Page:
Knife crime and gun crime

Knives, guns and the law

It's illegal to carry knives or guns, including imitation guns. You will be prosecuted for buying, selling or carrying any weapons.

At school it's the right of all young people to learn in an atmosphere free from fear and violence. Schools have a duty and responsibility to protect their pupils and to expect that children won't be carrying weapons.

Most schools in London have a Safer Schools Officer assigned to them whose duties include:

  • reducing crime and anti-social behaviour within the school
  • working with children and young people at risk of becoming victims or offenders
  • ensuring the full time education of young offenders
  • supporting school staff in dealing with crime or anti-social behaviour

There are lots of people in schools and colleges who can help you get the right support, including access to the police. See our ‘More help and advice’ section or visit our section on ‘How to contact us’.

What's the law?

It's illegal for a shop to sell any kind of knife to someone under 18. This includes kitchen knives and even cutlery.

It's also illegal for shops to sell imitation guns or air weapons to anyone under 18-years-old, or to sell realistic imitation guns to anyone.

You'll be committing an offence if you buy any of these items. Possessing a knife or firearm (whether it's yours or not) is illegal and can result in a prison sentence.

Some knives are illegal for even adults to buy. The below are all categorised as offensive weapons and are completely banned:

  • Flick knives - also called ‘switchblades’ or ‘automatic knives’.
  • Butterfly knives
  • Disguised knives - in which the blade is hidden in something like a belt buckle or fake mobile phone.

You can find out more about these and other types of illegal knives on the website.

Things to know

Carrying a weapon in school does not mean it is just a school matter; the police will become involved and take action. For anyone carrying a knife or a gun, including those under 16, the consequences are tough.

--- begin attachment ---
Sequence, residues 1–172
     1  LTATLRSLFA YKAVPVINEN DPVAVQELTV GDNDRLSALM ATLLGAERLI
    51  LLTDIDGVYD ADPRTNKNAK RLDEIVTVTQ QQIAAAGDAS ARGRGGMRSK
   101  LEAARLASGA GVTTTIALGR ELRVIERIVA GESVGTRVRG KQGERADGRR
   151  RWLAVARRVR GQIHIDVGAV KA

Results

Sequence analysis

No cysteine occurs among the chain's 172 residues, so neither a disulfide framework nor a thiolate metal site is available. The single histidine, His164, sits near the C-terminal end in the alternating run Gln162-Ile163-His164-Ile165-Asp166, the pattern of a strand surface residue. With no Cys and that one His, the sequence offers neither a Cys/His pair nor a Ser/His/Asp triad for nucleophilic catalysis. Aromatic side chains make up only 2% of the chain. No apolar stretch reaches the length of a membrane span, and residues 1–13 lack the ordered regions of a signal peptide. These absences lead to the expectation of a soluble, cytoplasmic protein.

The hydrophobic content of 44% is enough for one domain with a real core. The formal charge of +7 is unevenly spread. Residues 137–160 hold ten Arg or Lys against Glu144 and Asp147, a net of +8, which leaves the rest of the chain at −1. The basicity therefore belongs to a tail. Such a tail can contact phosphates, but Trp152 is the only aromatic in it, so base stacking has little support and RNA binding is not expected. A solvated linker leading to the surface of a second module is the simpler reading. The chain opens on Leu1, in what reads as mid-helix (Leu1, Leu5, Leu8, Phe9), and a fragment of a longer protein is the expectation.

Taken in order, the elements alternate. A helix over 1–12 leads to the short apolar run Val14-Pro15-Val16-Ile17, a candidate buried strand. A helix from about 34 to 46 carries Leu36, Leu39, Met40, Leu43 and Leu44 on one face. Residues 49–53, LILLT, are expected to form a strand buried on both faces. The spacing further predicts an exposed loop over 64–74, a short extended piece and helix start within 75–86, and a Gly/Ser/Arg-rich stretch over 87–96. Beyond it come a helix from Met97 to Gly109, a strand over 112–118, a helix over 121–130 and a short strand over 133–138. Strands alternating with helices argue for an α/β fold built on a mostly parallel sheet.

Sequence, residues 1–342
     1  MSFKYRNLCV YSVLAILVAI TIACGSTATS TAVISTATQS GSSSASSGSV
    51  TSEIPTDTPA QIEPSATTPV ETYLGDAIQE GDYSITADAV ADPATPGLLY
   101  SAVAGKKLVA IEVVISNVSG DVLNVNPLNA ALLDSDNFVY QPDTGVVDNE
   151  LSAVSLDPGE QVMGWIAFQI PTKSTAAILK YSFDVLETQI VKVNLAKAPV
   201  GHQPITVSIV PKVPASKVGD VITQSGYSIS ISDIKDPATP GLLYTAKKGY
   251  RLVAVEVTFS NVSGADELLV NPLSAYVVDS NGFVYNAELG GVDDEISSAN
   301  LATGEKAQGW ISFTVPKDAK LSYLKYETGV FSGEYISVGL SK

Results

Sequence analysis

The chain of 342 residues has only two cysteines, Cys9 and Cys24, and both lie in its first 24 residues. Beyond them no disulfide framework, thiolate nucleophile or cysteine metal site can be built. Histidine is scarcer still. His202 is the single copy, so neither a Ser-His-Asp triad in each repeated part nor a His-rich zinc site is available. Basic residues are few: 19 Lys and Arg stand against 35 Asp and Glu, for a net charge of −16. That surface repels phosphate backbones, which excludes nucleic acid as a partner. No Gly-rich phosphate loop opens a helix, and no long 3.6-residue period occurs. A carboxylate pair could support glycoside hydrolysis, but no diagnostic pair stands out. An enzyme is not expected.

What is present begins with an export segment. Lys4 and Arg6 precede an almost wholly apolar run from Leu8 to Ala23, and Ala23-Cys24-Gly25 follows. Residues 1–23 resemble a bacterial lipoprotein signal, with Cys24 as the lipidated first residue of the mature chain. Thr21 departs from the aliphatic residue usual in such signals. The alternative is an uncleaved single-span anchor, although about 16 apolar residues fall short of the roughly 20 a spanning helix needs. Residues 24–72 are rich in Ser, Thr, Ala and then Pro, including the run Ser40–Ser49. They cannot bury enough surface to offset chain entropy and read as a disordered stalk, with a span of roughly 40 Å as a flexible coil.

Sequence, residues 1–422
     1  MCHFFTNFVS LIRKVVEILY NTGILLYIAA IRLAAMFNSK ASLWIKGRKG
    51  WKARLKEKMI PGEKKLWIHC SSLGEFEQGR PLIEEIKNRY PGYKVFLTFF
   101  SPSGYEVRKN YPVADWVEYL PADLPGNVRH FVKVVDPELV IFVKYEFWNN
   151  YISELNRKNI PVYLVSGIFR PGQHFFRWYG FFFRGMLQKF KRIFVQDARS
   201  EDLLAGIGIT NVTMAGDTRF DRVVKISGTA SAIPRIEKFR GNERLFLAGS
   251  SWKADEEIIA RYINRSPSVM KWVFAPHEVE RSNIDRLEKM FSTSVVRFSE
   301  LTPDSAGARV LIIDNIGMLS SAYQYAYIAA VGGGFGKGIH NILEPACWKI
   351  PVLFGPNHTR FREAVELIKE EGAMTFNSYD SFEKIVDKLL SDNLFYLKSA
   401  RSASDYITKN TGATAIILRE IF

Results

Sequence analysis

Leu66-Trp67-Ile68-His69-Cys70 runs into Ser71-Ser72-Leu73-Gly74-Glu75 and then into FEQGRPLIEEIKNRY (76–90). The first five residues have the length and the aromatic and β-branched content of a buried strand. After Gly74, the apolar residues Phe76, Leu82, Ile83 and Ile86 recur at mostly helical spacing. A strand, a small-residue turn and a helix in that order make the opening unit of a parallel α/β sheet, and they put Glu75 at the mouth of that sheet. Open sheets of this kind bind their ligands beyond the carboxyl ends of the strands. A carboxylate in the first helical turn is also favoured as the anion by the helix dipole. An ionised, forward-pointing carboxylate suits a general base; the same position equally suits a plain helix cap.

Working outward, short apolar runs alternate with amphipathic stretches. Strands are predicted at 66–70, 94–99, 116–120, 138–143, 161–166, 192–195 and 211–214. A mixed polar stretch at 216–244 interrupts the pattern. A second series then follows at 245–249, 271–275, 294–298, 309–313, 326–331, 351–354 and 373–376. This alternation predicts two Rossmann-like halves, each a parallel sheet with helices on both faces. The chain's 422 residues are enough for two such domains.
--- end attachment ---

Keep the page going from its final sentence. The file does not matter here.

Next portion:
• It is illegal to carry a knife or a gun, or imitation firearm.
  • If you are caught with a knife or a gun, regardless of whether you say it was for your own protection or you were carrying it for someone else, you will be arrested and prosecuted.
  • Possession of a knife can carry a prison sentence of up to 4 years even if it's not used.
  • There's a minimum 5-year sentence for carrying a gun if you're over 18. If you're under 18, you could still go to prison.
  • If you stab somebody and they die, you will face a life sentence and will serve a minimum prison sentence of 25 years.
  • Causing the death of someone with a gun carries a life sentence and you will serve a mandatory 30-year prison sentence.
  • If someone is injured or killed by a knife or gun in your presence, even if you're not the one using the weapon, you too could be prosecuted. You could be sent to prison for murder in what is referred to as ‘joint enterprise’.

"Joint enterprise" explained:-

You can be found guilty of murder if, for example:

  • you are part of a group and someone in that group kills someone with a weapon or by some other means (this includes attacks where the victim is punched, kicked etc.)
  • if you knew that the person was going to use violence or knew they were carrying a weapon, even though you didn't agree to the attack or use of the weapon but remained as part of that group

To avoid liability under joint enterprise you would have to be no longer part of the group; actively do something to prevent the offence from taking place; stop the attack by physical intervention or call the police. However it is very difficult to prove that you had communicated your withdrawal and the only effective means of avoiding liability would to not be part of the group in the first place.

Remember - the law is clear - if you choose to carry a weapon, you put your future in danger. If you don't take it with you, it won't be used.

What next?

If you are worried about any issues relating to knife and gun crime, there's plenty of help and support available. Visit our page ‘More help and advice’ or for other related topics, take a look at our sections on gangs and group violence and bullying.

Knife and gun crime